From plastics to potato chips these are 25 accidental discoveries that you should be thankful for!
When Scottish biologist Alexander Fleming came back from vacation he noticed that his bacteria were all being killed off by a strange fungus. Modern medicine has never been the same.
After Percy Spencer, an engineer working for Raytheon, walked in front of a Magnetron he noticed that the chocolate bar in his pocket melted. Several years later he successfully put together the first microwave oven.
While on a hiking trip in 1941 Swiss engineer Georges de Mestral found burrs clinging to his pants and realized that the burr’s hooks would cling to anything loop shaped. All he had to do was recreate the loops.
Roy Plunkett, a scientist at DuPont, was looking for ways to make refrigerators more home friendly by replacing their somewhat dangerous refrigerants. One of the samples he was working with ended up leaving a strange, slippery resin that was resistent to heat and chemicals.
Although in the 1830s the inability of rubber to withstand extreme temperatures led many to write it off, Charles Goodyear saw things differently. After years of experimenting he accidentally dropped one of his concoctions on the stove and it didn’t burn. Rubber was now weatherproof.
John Pemberton was not a businessman. He just wanted to cure headaches. His recipes consisted of two things – coca leaves and cola nuts. When his lab assistant accidentally mixed the two with carbonated water Coke was born.
In 1896 French scientist Henri Becquerel was working on an experiment where uranium enriched crystal was burning an image onto a photographic plate using sunlight…or so he thought. When dark clouds rolled in one day he put the equipment in a drawer to continue another day. When he came back a few days later he found that the crystal had somehow still managed to emit rays that “fogged the plate”.
When chemistry graduate students working on a silicon chip accidentally shattered it they discovered that the tiny bits of the chip were still sending signals. They coined the bits “smart dust” and today they play a role in technologies used to attack and destroy tumors.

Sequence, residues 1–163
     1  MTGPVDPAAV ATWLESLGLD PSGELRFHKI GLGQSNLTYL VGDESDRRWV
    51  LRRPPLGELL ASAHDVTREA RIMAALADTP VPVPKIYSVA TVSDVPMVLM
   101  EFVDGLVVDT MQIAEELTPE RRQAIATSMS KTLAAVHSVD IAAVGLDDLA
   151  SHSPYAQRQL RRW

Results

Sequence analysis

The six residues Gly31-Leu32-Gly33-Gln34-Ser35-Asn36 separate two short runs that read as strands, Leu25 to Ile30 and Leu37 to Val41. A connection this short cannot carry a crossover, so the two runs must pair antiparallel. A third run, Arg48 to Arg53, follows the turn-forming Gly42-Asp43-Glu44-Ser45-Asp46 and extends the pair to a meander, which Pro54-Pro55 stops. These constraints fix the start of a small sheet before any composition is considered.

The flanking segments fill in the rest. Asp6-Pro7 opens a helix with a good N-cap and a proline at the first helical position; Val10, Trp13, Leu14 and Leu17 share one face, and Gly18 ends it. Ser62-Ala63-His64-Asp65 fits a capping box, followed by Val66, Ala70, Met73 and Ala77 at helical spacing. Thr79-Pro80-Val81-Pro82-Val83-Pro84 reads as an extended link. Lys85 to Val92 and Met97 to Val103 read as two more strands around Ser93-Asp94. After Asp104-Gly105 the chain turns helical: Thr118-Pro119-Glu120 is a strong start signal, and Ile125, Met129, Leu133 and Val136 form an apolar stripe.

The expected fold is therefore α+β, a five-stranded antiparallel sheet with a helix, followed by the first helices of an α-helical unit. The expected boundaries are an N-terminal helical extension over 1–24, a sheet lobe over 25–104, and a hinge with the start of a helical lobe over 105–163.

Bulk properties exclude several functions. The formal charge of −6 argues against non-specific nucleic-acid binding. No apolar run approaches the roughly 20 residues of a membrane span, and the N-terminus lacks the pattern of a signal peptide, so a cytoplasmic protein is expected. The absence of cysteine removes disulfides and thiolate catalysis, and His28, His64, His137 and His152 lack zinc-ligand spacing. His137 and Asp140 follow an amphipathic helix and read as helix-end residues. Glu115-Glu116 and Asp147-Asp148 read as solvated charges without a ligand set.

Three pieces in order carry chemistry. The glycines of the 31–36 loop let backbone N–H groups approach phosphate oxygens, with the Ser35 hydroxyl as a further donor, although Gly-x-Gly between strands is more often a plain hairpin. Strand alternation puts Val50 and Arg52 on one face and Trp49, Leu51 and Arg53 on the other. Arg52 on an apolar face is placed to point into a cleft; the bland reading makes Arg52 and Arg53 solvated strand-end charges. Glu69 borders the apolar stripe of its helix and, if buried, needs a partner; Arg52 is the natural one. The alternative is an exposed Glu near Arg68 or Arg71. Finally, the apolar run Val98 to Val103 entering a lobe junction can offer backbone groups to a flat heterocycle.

Keith Kellogg was assisting his brother who worked as a doctor at Battle Creek Sanitarium with patients and their diets when he accidentally left the bread dough sitting out one day. He decided to bake it anyway and the flaky snack that emerged was a hit among the patients.
Alfred Nobel, a Swedish chemist and engineer was trying to stabilize nitroglycerin so that it could be stored when a series of accidents eventually led to the death of his brother in an explosion. Some say this pushed him even harder. One day while he was transporting some of the compound a can started leaking. The packing mixture, however, started absorbing the liquid. Since nitroglycerin is most dangerous in its liquid form he had found his answer…absorb it.
Constantine Fahlberg, a scientist at John Hopkins University accidentally carried some compounds from the lab home with him. While eating dinner he realized the bread tasted strangely sweet in spite of the fact that he hadn’t used any sugar. He then realized it had come from the lab.
While building an ocillator to record heart beat sounds in animals at Cornell University Wilson Greatbatch accidentally grabbed the wrong transistor. After switching on the device he found it to have a very familiar rhythmic pulsing sound, very similar to a human heart.
Although alcohol has long been the drug of choice when it comes to amputations and other painful battlefield style procedures, in the 1800s several doctors realized that ether and nitrous oxide (laughing gas) inhibited pain in people under the influence.